So if you’re currently struggling with an overdraft, overspending on your credit card, drowning in payday loans, overstretching on your shoe bag food bill, slacking with a lacking budget, misplacing investments in misjudged investments etc, none of this is going to automatically get better in marriage.

(Nothing wrong with the struggle btw. We have all been there, and trust me, we will all get through it. And not every finance issue is a budgeting issue. Sometimes times are just hard and having a budget doesn’t change that your rent is unaffordable and your electric is too high and don’t get me started on the price of gas and heating…)

But get your ting together, whatever your ting is. Otherwise you may find that you might be matched with a partner who has the exact same struggles with finance, spending and money as your first boyfriend did I mean, your daddy did I mean, you do.

So before you marry, have a very honest conversation about finances.

What does your partner spend their money on?

How do they want to invest?

Have they ever seen their credit file or credit score? May you?

How do they save? Do they save? Do you?

And more importantly, how do they make their money in the first place?

Listen, it’s not enough to be out there dating a guy who does “business”. Kmt okay do you know how many guys will tell you that they do business? These times, they ain’t got no job, no prospects and ain’t nobody making any money. Miss me with thattttttt Ah ah everyday is business business, I get it sha. Is it because jobs are so unpopular in 2023 rightttt

Actually, how do they make their money, if you haven’t asked already?

If you have questions, question it, and dare I say it, don’t just take certain people’s fables fairytales stories word for it, actually retrieve evidence. I know, I’m being annoying but I’ve heard a lot of horror stories about husbands who have very questionable and unethical ways of making money or wives who have outright deceived their significant others into believing they had work that didn’t actually belong to them. Be warned. And remember that you’re not just choosing a future husband, but also the future father of your children. Your pick, your life but that pick, and your marriage, will mark your success.

2. Marriage will (NOT) fix your family drama

I know, I know, I did this last week….kinda.

Last week I spoke all about Daddy Issues, but this week I want to talk about something a bit different, which is family drama.

We all have it. There is no such thing as a perfect family and even if there was, the family would be imperfect the moment you step into it.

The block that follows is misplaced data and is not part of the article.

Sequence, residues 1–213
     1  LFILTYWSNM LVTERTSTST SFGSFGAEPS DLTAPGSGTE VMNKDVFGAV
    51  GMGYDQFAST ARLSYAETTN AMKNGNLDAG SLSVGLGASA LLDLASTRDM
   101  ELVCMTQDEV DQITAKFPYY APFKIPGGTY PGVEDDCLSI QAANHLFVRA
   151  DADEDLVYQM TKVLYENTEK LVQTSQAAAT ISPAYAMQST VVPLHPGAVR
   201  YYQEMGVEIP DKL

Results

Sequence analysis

Again, I’m gonna throw a disclaimer out there: I don’t think this needs to be a negative. I think marriage and an upcoming wedding can be a beautiful tool to unite a fractured family. Ecclesiastes reminds us that there is a time for everything under the sun, and a wedding party brings people together like nothing else. So please take this with pinches of salt: family dramas don’t need to be painful and destructive if managed with grace, patience, and dare I say it, healthy realism. We marry families, warts and all, and your boundaries could be the difference between a loving or loathing family relationship.

Whether it’s a controlling father, a temperamental mother, a passive aggressive brother or a self-absorbed sister, it doesn’t matter. The main characters in our lives and the things that afflict them don’t change in marriage, so if you think it’s going to, you’ll be sadly mistaken.

BTW I’m not suggesting you fix all your family issues before you get married, but I am suggesting that you are very very honest about what your family issues are. Firstly with yourself, and then with your intended.

One of the challenges in courting and then being engaged is knowing how much to share and when to share. Obviously you don’t want to scare your partner with the drama but you also don’t want to deceive them. Sidenote: Scare is subjective lol. Suffice to say, some of the weird and wonderful things that shame us about our families live in our heads; you’ll be amazed how much of it won’t even register to your partner. Just because your dad embarrasses you, doesn’t mean he’ll embarrass your babes. And just cos you find your mum cringe, doesn’t mean your babes will. No one is expecting perfection, so there’s no shame attached to family quirks.

My advice to any young couple is not to allow yourself to get engaged to someone without knowing the full-ish picture. If it would matter to you, it might possibly matter to them, but if it’s not your story to tell, with respect, don’t.